I would submit that advancing the ideas of bigger government is much much easier to do nowadays. The American people are mostly lazy and care more about “reality tv” than what direction their country is headed. To “nudge” these couch potatoes towards “spread the wealth” and “don’t worry, the government will take care of it” ideas, is fairly simple. (in my opinion of course)

      • October 11, 2009 3:59 pm

        I agree with you Kevroc regarding the masses. And I read an interesting comment by Samuel Adams (am reading an excellent book on Samuel Adams by Mark Puls) … he was disturbed by what he saw as signs of moral decay …and that popular entertainments could erode morality and distract residents from the defense of their liberties. So even at the beginning of our republic, there was that concern…..how much more so now. I am afraid that our citizens are so ignorant of our history and people are content to let the government “take care” of them. Woe to us.

        • Colette permalink
          October 14, 2009 3:49 pm

          Here is an interesting article I saved from last year, for such a time as this….
          This man’s experience is important for anyone who did not live thru this, because fast-forward to today, it relates to what America is about to experience, and a warning to us all….
          about what he experienced in Cuba….!

          From Richmond Times-Dispatch, Monday, July 7, 2008 ~

          Dear Editor, Times-Dispatch:

          Each year I get to celebrate Independence Day twice.
          On June 30 I celebrate my independence day, and on July 4 I celebrate America ‘S. This year is special, because it marks the 40th anniversary of my independence.

          On June 30, 1968, I escaped Communist Cuba, and a few months later, I was in the United States to stay. That I happened to arrive in Richmond on Thanksgiving Day is just part of the story, but I digress.

          I’ve thought a lot about the anniversary this year. The election-year rhetoric has made me think a lot about Cuba and what transpired there. In the late 1950s, most Cubans thought Cuba needed a change, so when a young leader came along, every Cuban was at least receptive.

          When the young leader spoke eloquently and passionately and denounced the old system, the press fell in love with him. They never questioned who his friends were or what he really believed in. When he said he would help the farmers and the poor and bring free medical care and education to all, everyone followed. When he said he would bring justice and equality to all, everyone said, ‘Praise the Lord.’ And when the young leader said, ‘I will be for change and I’ll bring you change,’ everyone yelled, ‘Viva Fidel!’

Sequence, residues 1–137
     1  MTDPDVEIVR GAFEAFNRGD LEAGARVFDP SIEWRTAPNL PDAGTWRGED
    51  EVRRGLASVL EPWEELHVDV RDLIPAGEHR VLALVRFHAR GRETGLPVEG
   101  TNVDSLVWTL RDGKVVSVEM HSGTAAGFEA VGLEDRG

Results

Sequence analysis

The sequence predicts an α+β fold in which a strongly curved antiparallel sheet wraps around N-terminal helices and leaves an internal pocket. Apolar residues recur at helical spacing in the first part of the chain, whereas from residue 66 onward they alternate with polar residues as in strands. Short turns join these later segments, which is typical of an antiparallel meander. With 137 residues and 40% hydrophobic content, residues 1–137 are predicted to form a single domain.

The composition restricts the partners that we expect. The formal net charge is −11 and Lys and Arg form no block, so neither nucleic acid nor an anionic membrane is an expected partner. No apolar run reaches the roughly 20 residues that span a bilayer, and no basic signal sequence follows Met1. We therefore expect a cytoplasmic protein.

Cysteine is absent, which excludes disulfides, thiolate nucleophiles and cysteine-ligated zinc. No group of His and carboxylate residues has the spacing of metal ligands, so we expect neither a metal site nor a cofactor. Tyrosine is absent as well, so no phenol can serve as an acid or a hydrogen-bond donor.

But nobody asked about the change, so by the time the executioner’s guns went silent, the people’s guns had been taken away. By the time everyone was equal, they were equally poor, hungry, and oppressed. By the time everyone received their free education, it was worth nothing. By the time the press noticed, it was too late, because they were now working for him. By the time the change was finally implemented, Cuba had been knocked down a couple of notches to Third-World status. By the time the change was over, more than a million people had taken to boats, rafts, and inner tubes. You can call those who made it ashore anywhere else in the world the most fortunate Cubans. And now I’m back to the beginning of my story.

          Luckily, we in America would n ever fall for a young leader who promised change without asking, what change?
          How will you carry it out? What will it cost America?

          Would we?

          • Julie Trevor permalink
            October 14, 2009 4:53 pm

            hmmmm

  2. gatekeeper96740 permalink
    October 8, 2009 10:51 pm

    The check pants Republicans crowd….. do not like the people they consider uneducated rubes …like Sara Palin .

    I love Sara…………………. but I have heard the people I mentioned bad mouth everything about “her type of people” .

  3. Linda McNeil permalink
    October 8, 2009 11:24 pm

    AMEN!

  4. Linda McNeil permalink
    October 8, 2009 11:25 pm

    AMEN to Julie Trevor!!!

  5. Bill Whitfield permalink
    October 9, 2009 4:50 am

    Just heard the news that Odumbo won the Nobel Peace Prize! For what? What the hell has this Narcisist done to deserve anything, even respect? Not a damn thing! Hussein and his whole herd of anti-American Idiots need to be kicked out of America! These people are our enemíes friend, not ours!